The National Speed Limit: Boon to Drivers, not BaneIn 1974, the federal government put in place a National Maximum Speed Limit Law. It capped the speed drivers could go at 55 miles per hour. Passed at the height of the fuel crisis, the law was a measure many predicted would significantly slash fuel use and reduce fatal accidents. Neither happened. Fuel usage fell by approximately .5%, fatal accidents had no appreciable declines, and the duty of setting speed limits was re-delegated to the states in 1995. Now, the world faces a similar oil situation. Prices are rising; global stores of fossil fuels are falling. Accidents claimed the lives of 32,788 Americans in 2010. Although this represented the lowest rate since 1949, it still made motor vehicle accidents among the top five most common causes of death in the United States. Reinstating a lower national speed limit suddenly doesn't seem like such a bad idea after all. Cars usually achieve maximum fuel efficiency between 40 and 60 miles per hour. However, speed limits run at 65 mph on many interstates. Combine this with the unwritten rules of the road that move the flow of traffic at 5-15 mph in excess of the highway limit, and you have a gas-guzzling result.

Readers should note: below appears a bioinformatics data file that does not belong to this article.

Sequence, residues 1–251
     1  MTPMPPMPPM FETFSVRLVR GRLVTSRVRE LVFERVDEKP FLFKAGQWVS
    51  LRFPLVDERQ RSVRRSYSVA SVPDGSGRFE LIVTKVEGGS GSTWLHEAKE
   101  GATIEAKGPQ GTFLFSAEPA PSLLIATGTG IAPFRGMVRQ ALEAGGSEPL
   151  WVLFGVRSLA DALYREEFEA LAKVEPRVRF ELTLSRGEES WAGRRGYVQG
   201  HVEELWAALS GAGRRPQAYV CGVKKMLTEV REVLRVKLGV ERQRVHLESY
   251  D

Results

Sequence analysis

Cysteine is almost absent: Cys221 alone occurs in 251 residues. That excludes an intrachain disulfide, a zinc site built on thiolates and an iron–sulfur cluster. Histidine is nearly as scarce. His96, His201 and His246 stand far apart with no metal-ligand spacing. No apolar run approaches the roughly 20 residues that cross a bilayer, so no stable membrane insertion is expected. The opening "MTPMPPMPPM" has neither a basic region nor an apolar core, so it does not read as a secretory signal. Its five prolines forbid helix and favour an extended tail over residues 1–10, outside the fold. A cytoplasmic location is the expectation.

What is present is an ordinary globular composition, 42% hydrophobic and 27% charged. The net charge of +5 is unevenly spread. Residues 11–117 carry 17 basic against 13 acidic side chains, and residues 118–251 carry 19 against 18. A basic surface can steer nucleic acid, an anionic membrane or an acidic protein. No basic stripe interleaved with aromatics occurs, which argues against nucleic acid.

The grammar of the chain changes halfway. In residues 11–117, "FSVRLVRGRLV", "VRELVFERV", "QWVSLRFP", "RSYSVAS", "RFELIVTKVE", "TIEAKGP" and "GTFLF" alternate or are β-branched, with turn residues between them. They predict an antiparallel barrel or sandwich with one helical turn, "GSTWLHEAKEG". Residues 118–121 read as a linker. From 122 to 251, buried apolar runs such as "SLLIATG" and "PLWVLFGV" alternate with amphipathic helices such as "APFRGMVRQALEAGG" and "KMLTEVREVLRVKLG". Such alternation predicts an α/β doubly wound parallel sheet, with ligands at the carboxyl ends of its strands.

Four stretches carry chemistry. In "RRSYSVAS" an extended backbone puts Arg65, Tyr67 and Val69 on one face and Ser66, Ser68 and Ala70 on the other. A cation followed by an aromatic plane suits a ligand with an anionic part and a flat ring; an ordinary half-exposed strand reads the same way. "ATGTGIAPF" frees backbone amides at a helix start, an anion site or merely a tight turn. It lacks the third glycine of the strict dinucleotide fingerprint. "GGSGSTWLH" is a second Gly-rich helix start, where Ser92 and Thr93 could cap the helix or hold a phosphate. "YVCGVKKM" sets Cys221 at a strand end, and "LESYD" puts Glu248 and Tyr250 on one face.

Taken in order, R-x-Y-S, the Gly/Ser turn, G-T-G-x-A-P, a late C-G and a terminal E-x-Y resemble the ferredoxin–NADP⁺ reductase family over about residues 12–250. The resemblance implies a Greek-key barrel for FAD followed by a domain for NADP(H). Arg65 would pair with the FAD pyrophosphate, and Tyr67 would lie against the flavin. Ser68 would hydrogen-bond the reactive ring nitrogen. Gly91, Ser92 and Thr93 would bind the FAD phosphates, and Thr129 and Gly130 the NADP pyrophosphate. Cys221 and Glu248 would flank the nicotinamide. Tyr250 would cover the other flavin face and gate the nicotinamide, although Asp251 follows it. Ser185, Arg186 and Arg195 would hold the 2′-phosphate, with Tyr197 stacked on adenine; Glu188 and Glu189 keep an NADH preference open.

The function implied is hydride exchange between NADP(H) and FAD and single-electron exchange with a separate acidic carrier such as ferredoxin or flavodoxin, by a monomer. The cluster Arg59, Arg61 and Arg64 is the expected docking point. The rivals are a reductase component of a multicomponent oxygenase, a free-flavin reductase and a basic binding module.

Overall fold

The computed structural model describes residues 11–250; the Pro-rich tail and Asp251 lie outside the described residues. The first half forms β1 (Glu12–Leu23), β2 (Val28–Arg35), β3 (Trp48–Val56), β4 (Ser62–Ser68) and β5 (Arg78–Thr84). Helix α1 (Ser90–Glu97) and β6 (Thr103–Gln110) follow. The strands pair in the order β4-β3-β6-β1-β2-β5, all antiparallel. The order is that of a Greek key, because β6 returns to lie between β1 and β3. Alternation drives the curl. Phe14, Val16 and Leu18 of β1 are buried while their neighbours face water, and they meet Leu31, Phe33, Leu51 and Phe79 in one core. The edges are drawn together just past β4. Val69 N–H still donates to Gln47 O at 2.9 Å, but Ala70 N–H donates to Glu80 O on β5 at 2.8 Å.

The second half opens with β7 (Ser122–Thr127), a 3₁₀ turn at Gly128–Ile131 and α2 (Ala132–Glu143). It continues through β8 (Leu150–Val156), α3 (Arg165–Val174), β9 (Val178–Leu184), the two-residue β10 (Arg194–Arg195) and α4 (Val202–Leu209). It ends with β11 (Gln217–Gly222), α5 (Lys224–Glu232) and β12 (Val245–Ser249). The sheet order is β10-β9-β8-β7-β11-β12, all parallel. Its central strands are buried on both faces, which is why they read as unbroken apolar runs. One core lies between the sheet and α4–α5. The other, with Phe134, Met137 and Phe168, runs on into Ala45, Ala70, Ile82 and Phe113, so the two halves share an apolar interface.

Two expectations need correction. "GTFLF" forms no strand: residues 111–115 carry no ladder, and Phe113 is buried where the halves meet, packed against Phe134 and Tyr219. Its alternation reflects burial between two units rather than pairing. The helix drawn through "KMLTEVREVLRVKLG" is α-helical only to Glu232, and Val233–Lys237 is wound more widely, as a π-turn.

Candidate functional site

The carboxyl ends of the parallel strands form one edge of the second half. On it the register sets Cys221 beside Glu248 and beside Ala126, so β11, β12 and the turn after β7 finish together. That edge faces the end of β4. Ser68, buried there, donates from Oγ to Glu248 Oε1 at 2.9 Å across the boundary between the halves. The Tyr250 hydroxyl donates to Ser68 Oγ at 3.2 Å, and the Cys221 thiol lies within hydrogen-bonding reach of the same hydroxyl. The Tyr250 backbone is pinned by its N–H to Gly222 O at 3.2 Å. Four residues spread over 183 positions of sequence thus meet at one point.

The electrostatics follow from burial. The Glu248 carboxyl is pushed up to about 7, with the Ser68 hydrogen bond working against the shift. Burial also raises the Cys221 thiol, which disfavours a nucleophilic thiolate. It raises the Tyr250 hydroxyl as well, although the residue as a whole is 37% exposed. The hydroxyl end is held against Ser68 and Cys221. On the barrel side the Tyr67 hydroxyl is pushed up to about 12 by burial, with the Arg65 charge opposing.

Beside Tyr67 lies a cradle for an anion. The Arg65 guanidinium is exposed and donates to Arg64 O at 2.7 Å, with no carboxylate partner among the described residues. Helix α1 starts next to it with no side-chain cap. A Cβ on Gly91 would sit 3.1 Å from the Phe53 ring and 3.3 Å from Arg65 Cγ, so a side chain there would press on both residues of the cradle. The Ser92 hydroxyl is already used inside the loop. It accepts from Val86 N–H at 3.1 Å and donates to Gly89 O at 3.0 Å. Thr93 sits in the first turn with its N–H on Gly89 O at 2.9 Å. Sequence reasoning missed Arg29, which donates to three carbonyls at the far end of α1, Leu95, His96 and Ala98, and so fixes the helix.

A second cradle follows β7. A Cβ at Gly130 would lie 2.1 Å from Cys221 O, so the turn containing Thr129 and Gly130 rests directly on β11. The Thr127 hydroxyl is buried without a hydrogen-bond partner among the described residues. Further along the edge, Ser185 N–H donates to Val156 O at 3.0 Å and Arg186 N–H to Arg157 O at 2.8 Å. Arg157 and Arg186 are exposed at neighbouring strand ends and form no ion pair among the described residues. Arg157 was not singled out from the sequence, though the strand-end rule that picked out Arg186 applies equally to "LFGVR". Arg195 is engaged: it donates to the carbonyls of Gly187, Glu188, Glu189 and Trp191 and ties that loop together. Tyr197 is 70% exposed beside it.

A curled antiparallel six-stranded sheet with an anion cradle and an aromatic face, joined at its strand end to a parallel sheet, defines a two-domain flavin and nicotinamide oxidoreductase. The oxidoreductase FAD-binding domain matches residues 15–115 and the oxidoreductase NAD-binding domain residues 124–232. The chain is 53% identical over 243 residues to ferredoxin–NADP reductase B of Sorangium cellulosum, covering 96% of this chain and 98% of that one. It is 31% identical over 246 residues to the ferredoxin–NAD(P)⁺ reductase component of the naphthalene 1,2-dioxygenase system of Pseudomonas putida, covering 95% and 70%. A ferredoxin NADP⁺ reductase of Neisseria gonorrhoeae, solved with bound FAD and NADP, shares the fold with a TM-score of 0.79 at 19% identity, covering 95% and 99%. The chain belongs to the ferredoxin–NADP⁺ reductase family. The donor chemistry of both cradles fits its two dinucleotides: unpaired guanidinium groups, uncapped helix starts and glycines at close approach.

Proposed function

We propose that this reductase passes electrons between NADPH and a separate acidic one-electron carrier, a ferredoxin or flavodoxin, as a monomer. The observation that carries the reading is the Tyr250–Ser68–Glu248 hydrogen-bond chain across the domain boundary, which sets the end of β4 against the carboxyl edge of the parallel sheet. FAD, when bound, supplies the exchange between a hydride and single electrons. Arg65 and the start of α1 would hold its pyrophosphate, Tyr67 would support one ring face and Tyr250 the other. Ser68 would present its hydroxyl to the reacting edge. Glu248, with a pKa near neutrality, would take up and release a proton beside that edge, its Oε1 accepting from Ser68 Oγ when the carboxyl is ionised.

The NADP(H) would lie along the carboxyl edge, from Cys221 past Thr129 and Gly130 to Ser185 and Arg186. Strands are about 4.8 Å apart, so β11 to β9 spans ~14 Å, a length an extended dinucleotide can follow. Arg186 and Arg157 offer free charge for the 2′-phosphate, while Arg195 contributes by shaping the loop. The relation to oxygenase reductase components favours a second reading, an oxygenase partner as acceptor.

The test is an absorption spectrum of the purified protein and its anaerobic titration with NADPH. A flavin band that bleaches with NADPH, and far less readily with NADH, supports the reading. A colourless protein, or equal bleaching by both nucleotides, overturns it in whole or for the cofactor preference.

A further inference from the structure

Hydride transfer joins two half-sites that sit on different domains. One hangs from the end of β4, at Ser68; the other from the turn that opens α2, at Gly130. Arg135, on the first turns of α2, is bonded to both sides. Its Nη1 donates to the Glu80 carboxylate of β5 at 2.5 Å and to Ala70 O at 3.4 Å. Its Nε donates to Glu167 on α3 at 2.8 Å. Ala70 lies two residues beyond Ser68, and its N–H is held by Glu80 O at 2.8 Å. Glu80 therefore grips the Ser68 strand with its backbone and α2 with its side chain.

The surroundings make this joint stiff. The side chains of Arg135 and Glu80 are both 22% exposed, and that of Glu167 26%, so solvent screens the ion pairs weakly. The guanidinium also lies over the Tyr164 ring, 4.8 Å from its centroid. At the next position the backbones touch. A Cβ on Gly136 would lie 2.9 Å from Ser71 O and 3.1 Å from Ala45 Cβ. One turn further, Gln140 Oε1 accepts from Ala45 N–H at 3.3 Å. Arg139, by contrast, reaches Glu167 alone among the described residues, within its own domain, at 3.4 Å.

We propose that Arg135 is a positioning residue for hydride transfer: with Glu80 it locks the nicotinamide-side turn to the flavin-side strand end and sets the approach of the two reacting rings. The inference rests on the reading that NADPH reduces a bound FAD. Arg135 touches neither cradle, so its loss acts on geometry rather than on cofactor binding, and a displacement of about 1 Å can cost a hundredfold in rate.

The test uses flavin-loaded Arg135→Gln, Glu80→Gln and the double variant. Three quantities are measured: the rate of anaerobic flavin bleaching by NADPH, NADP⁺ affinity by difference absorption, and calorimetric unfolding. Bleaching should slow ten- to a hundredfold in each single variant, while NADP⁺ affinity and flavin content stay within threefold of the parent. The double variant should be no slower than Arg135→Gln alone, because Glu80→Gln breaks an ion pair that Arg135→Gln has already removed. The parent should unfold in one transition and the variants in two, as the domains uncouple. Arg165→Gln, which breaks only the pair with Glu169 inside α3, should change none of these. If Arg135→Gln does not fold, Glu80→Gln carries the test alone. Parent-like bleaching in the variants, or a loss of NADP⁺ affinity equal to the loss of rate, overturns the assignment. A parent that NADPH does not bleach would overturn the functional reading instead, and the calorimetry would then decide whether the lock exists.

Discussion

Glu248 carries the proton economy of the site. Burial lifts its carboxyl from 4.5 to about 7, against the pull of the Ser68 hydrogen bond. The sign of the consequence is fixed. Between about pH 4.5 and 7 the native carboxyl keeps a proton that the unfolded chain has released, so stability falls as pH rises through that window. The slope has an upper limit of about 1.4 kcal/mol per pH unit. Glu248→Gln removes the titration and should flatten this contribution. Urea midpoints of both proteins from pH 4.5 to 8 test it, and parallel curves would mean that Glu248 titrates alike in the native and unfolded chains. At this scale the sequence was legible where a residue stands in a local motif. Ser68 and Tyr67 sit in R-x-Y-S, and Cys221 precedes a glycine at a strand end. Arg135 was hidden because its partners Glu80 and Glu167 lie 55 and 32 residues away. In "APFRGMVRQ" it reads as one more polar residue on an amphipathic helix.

One of the biggest issues with the 1974 law was the lax enforcement. Penalties were devised by the states. In protest, eight states (Arizona, Idaho, Montana, Nevada, Utah, Minnesota, and both Dakotas) created legislation effectively circumventing all the major tenets of the law, while many others provided no new training or instructions to police officers to help deal with the new provisions. These rebellions may have had a significant effect on the lack of positive results stemming from the measure. If robust enforcement was paired with a new law to create a maximum national speed limit somewhere between 55 and 65 miles per hour, the results could potentially be dramatic. Australia, Denmark, Germany, Sweden, Switzerland, and the UK have all reported positive safety benefits from reduced speed limits in recent years, including reduction of crashes (by up to 20%), crash injuries (by up to 19%), and fatal crashes (by up to 24%). If similar implementation and results were to take place in the United States, that would account for 7,869 lives saved per year. Apart from the obvious humanitarian interest, monetary benefits could include lower gas prices and high revenue from speeding tickets in the transition period to lower speeds. A resurrected National Maximum Speed Limit Law is a common sense idea. It just has to include sufficient enforcement to reap its maximum benefits: a safer society with more prosperity.